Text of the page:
Can Wildfires Increase Your Risk of Lung Cancer?
Millions of people around the world have to breathe air contaminated with wildfire smoke. Here's how it affects your body and lung cancer risk.
In 2020, there has been the Covid-19 pandemic, the social justice movement, the presidential election … and massive wildfires. They first made headlines in Australia in January, then the Siberian Tundra and the Amazon, and later the western United States. Wildfires have ravaged many parts of the globe on an unprecedented scale. As of Oct. 1, 2020, more than 44,000 wildfires have burned about 7.7 million acres this year in the United States alone, according to the Federation of American Scientists.
This is bad for the Earth and the people and animals who live on it—particularly those who breathe in the wildfire smoke, says Anthony Gerber, MD, a pulmonologist and professor of pulmonary, critical care, and sleep medicine at National Jewish Health and an associate professor of medicine at the University of Colorado Denver.
“Breathing wildfire smoke can have real short- and long-term health consequences,” he says, adding that the research in this field is still emerging.
Why wildfires happen
You can expect more of the same in the future, says Noah Diffenbaugh, a professor at Stanford University’s School of Earth, Energy & Environmental Sciences and lead author of a paper examining the causes for the drastic increase in California’s wildfires. Many factors influence wildfire risk, but Diffenbaugh found that long-term warming due to global climate change, combined with decreasing autumn precipitation, is increasing the odds of these kinds of extreme weather conditions occurring.
“Bottom line is that this year wasn’t an aberration, this is the new normal, and people need to start planning for longer, hotter summers with more wildfires,” Dr. Gerber says. “Instead of arguing about it or ignoring it, we need to be talking about how to help people deal with it. All of us should be asking ourselves, ‘If the new normal is unhealthy air, what can I do to protect myself?'” (You can start by looking for these common air pollutants in your home)
Why breathing wildfire smoke is dangerous
Protecting yourself starts with understanding exactly why breathing wildfire smoke is harmful, says Jing Gennie Wang, MD, pulmonologist and assistant professor of pulmonary, critical care, and sleep medicine at The Ohio State University Wexner Medical Center.
Wildfire smoke is a type of air pollution and scientists define the extent of air pollution by measuring levels of toxic particulates. There are two main concerns with wildfire smoke, Dr. Wang says. First are the variety of toxic compounds based on what has been burned; for instance, you will find plastic, lead, heavy metals, and other toxins from burning buildings. Second are particulates. Larger particles of dust, dirt, and smoke can irritate eyes, skin, and throat but fine particles, those smaller than 2.5 μm in diameter, known as particulate matter (called PM2.5), are even more dangerous as they get deposited deep within the lungs and can even enter the bloodstream. (Here’s how you can cut down on indoor air pollution.)
The closer you are to the fires, the more of these pollutants you are exposed to. In Napa, California, scientists measured levels of PM2.5 nearly six times higher than the standard for air quality in the U.S. due to the nearby wildfire. Because the body has a hard time clearing fine particulates from your system, the effects can be cumulative over time. The more wildfire smoke you breathe, the worse the effects will be, she says. (Don’t forget about toxins in your water.)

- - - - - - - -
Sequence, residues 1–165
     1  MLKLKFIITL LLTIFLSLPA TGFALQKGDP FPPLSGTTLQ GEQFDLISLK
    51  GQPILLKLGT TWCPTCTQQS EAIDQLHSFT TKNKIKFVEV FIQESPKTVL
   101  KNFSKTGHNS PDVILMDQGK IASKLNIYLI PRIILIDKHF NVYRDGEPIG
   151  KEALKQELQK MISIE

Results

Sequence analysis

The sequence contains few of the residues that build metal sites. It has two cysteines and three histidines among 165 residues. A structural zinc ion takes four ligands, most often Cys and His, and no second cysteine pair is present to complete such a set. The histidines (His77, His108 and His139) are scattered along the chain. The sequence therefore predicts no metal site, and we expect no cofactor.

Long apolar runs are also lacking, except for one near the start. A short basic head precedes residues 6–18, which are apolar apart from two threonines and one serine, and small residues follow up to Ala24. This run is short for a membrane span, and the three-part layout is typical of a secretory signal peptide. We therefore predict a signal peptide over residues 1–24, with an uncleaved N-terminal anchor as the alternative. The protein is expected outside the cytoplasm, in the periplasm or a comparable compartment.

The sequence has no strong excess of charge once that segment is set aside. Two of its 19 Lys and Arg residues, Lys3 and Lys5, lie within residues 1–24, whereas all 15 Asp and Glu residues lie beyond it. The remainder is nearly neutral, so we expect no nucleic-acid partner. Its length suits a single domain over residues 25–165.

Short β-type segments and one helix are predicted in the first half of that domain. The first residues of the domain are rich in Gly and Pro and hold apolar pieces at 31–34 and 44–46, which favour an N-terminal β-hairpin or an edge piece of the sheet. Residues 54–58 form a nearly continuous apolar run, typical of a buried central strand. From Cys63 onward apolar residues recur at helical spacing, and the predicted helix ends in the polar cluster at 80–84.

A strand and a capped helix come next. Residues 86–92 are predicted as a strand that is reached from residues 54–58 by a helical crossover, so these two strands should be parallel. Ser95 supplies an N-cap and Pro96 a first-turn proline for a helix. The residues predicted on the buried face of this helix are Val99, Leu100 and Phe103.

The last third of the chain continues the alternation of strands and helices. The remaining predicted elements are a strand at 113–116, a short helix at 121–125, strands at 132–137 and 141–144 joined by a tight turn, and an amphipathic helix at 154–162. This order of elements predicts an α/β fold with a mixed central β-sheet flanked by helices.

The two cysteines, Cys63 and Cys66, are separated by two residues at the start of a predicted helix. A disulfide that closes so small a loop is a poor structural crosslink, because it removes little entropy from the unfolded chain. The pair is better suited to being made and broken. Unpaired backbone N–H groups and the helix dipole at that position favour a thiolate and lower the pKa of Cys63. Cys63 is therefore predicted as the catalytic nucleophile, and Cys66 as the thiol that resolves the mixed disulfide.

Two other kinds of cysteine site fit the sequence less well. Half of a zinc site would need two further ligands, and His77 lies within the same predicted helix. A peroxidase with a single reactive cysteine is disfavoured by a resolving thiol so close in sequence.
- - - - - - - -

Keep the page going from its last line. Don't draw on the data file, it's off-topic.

How wildfires affect your health
Breathing wildfire smoke primarily harms your respiratory and cardiovascular systems, although the effects can cascade, causing issues in nearly every part of your body, Dr. Gerber says. Exposure to wildfire smoke affects the lungs and heart almost immediately, according to a June study published in Environmental Health Perspectives. This effect is especially pronounced in people who are already vulnerable like children, the elderly, smokers, and those with a pre-existing lung or cardiac condition, he says.
The long-term effects of breathing wildfire smoke are not well known but it has been shown that inhaling fine particulates causes oxidative stress, chronic inflammation, and cell toxicity, which can lead to serious health issues weeks, months, or even years later, Dr. Wang says. Long-term exposure to air pollution has also been linked to earlier death.
While breathing the smoke can cause long-term damage to your body, the more immediate danger is that it exacerbates existing conditions, Dr. Gerber says. “I can tell you from personal experience that we’ve seen an increase in patients at our clinics since the wildfire smoke has gotten bad in Denver. They come in for many different conditions but a lot of them will say that the smoke has made it worse,” he says. (Note: Breathing smoke from indoor fireplaces can also be harmful.)
Chronic obstructive pulmonary disease (COPD)
COPD is a chronic inflammatory lung disease that causes obstructed airflow from the lungs so sufferers already have compromised breathing. Adding smoke inhalation can make it an emergency situation, Dr. Wang says. “There is a documented increase in emergency room and outpatient visits as well as hospitalizations due to COPD that is exacerbated by breathing wildfire smoke,” she says.
Exposure to wildfire smoke may also be associated with an increased risk of pulmonary infections, such as pneumonia and bronchitis, Dr. Wang says.